3. Don’t Overfill Your Hard Drive
Today’s Macs serve as a hub for all kinds of digital media content, whether you’ve produced it yourself, purchased it from the iTunes Store, or ripped it from your CD and DVD collection. All of those videos, photos and songs can fill a Mac’s hard drive pretty quickly. Which brings us to another way to keep Leopard running smoothly — don’t overfill a Mac’s hard drive.
Like other operating systems, Leopard uses the hard drive to store not only your data, but also various temporary and cache files needed to support the data and run applications properly. It also relies on the hard drive for virtual memory, in which data not in active use gets swapped out of RAM to the hard drive to accommodate active applications. Leopard invisibly performs these functions without any intervention from the user.
However, in order for this to happen, there has to be free space on the hard drive for Leopard to use. If the hard drive is too full, Leopard has to rely on the start-up drive for these purposes, which means the Mac’s performance will seriously degrade. In some cases, you may even notice some erratic behavior and application crashes if the hard drive is almost completely full.
That’s why being aware of the free space on your hard drive is important in keeping your Mac functioning at its best. A good rule of thumb is to make sure that you have at least 10% of your drive free at any given time. You can see a drive’s free space at the bottom of any Finder window for a folder that resides on the drive (or for the drive itself).
If your drive begins to get too full, you have a few options. The simplest solution is to buy an external hard drive. With a laptop, you’ll want to move larger or infrequently used files to the external drive; with a desktop system you can simply make it a second hard drive for regular use. You can also replace the internal hard drive of either a desktop or portable Mac with a larger drive.
Finally, you could try to trim the amount of data on your current drive. Disk Inventory X (free) and id-design’s WhatSize (shareware, $13) are two helpful tools for discovering just what files are eating up hard drive space and which can be easily moved to a secondary drive or potentially deleted altogether. Prosoft’s $99 Drive Genius, which offers several hard drive tools in a single application, now includes a DriveSlim feature that can search for large files, files that have not been accessed recently and duplicate files.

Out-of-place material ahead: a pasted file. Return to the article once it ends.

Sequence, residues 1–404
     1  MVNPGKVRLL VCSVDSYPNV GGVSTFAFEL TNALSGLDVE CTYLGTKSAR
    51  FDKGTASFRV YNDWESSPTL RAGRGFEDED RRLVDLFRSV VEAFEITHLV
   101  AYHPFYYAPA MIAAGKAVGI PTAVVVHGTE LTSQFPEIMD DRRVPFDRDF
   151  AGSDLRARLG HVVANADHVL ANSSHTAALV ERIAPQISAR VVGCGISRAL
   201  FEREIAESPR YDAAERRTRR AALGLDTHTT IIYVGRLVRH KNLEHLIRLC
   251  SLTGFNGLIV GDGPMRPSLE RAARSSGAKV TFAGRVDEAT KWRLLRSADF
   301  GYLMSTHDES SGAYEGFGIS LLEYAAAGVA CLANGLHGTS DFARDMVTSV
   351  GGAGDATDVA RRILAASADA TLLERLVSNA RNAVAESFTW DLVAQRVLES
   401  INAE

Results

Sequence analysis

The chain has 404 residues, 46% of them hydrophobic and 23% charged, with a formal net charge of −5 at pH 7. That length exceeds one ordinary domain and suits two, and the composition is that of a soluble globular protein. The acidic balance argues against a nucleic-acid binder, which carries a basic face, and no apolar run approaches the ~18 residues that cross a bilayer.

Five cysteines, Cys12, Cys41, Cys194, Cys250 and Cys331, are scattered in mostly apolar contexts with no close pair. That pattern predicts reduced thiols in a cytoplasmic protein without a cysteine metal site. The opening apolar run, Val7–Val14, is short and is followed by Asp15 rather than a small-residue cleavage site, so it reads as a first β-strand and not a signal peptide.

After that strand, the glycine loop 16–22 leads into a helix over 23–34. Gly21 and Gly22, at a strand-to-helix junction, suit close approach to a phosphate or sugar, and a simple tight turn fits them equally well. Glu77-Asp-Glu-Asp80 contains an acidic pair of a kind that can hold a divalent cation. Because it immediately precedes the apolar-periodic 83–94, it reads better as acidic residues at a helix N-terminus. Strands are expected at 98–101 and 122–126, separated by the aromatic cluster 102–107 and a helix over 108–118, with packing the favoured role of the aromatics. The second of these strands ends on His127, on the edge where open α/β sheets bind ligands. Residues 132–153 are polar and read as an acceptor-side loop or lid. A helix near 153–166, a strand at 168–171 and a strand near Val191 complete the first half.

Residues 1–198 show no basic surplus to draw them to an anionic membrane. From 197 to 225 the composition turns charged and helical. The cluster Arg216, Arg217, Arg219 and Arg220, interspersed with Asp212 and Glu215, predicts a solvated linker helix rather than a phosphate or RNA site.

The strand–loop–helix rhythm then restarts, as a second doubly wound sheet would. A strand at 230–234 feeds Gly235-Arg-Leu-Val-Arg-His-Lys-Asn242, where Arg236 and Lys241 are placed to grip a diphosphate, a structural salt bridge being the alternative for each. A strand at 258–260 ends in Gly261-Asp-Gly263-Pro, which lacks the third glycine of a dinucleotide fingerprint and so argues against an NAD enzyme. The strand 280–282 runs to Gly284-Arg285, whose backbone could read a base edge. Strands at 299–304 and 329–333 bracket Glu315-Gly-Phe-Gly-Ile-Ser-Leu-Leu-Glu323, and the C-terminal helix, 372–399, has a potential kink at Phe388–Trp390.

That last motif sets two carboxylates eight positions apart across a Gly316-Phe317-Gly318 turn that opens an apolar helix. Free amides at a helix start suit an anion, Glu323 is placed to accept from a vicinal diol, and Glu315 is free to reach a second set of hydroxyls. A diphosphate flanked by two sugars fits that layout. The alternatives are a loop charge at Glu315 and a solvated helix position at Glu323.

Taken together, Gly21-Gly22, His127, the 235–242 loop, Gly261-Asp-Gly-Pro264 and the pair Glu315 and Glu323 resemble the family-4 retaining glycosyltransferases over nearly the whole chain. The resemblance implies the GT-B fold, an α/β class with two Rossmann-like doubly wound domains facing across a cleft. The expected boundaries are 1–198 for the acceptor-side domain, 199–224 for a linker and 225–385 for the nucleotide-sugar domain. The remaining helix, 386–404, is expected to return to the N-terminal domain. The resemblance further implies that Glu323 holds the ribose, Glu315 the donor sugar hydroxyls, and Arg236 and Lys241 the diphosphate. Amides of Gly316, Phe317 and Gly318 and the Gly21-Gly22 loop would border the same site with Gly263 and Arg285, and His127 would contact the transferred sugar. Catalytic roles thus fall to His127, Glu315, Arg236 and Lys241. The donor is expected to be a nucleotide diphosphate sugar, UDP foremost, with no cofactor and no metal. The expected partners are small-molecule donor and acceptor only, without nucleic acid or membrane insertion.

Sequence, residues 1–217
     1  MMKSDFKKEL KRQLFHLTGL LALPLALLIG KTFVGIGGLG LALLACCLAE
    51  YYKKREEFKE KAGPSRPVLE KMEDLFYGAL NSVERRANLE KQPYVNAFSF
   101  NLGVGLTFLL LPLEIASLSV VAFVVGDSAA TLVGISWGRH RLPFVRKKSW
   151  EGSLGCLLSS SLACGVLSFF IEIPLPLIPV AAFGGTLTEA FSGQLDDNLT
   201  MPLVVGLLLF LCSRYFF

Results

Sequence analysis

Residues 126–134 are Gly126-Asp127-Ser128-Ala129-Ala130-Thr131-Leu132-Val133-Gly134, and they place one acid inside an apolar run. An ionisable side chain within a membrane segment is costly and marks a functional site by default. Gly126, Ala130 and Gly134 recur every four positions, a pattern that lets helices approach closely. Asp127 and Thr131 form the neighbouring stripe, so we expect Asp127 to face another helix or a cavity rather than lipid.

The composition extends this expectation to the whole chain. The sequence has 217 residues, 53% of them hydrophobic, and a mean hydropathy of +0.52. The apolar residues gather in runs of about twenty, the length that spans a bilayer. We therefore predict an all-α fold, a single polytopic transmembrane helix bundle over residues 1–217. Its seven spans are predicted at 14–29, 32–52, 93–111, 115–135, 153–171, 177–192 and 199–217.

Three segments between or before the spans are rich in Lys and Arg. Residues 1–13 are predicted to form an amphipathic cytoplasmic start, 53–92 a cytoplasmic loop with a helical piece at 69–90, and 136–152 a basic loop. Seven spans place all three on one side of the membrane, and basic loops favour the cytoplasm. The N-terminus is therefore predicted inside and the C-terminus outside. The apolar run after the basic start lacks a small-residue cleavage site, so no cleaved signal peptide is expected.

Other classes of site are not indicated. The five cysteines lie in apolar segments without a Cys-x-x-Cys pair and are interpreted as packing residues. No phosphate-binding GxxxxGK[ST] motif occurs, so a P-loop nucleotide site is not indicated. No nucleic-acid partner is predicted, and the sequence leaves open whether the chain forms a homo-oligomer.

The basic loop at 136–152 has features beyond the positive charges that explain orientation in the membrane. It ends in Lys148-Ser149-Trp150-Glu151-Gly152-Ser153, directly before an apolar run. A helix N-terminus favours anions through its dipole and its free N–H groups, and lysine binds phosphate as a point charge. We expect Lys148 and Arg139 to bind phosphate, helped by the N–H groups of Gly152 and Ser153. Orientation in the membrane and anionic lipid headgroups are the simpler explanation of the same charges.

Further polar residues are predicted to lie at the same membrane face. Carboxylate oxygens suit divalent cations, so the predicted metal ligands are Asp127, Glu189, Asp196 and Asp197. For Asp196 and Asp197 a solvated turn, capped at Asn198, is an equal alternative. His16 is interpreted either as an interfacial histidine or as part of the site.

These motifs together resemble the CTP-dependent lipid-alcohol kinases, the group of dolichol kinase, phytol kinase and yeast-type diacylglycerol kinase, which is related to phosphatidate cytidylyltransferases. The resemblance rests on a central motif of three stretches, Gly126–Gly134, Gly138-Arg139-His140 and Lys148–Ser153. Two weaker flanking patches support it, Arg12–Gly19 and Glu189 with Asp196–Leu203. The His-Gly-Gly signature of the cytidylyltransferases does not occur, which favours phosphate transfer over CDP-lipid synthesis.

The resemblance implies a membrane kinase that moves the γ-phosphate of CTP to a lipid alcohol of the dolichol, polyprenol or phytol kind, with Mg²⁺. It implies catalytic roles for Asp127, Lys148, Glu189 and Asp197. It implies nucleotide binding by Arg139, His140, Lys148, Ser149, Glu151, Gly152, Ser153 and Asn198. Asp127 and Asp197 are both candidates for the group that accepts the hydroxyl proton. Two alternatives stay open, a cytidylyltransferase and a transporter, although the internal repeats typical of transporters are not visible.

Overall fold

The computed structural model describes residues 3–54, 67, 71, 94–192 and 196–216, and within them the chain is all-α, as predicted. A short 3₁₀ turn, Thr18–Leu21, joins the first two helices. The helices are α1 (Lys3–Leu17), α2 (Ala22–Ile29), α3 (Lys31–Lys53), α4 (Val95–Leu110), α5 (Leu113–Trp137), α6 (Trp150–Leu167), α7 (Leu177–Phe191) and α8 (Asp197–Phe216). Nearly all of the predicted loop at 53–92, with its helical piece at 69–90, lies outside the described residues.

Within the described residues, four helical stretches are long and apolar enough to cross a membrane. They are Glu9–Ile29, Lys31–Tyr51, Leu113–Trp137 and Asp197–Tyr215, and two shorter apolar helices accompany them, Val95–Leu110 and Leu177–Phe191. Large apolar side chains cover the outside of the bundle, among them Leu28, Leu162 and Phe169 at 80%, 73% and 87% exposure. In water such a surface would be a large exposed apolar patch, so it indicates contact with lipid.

Note: This same rule applies to the embedded version of Mac OS X that powers both the iPhone and the iPod Touch. If you notice erratic behavior on those devices and they are filled to bursting, removing some content may help (though there could be other causes as well).
4. Delete Cache Files
Many applications rely on cache files to improve performance. The most obvious example is Web browsers, which cache images and other content from Web servers to speed up repeated access to the same files. Leopard itself maintains a series of cache files for improving system performance when using a number of features.
Cache files can present problems if they become corrupted or damaged. The operating system or an application that relies on the cached data may behave erratically or crash because it can’t properly read the data in the file — leading to potentially more corruption if an app crashes while it’s writing to the file.
Unlike files in the Unix /tmp directory, cache files aren’t cleared when a Mac is rebooted, which means that even when they aren’t corrupted, cache files can sit around taking up space on your hard drive long after a given application is deleted. They can also retain settings and private information that you may wish to get rid of. As such, pruning cache files is a prudent choice, particularly if you notice that an application isn’t as stable as it used to be.
Cache files exist for both the system (in the /Library/Caches folder at the root level of a start-up drive) and for each user (in the same location inside each user’s home folder). Since cache files are not used to store application preferences or general settings, you can safely delete them without losing any data, and they will be regenerated as needed.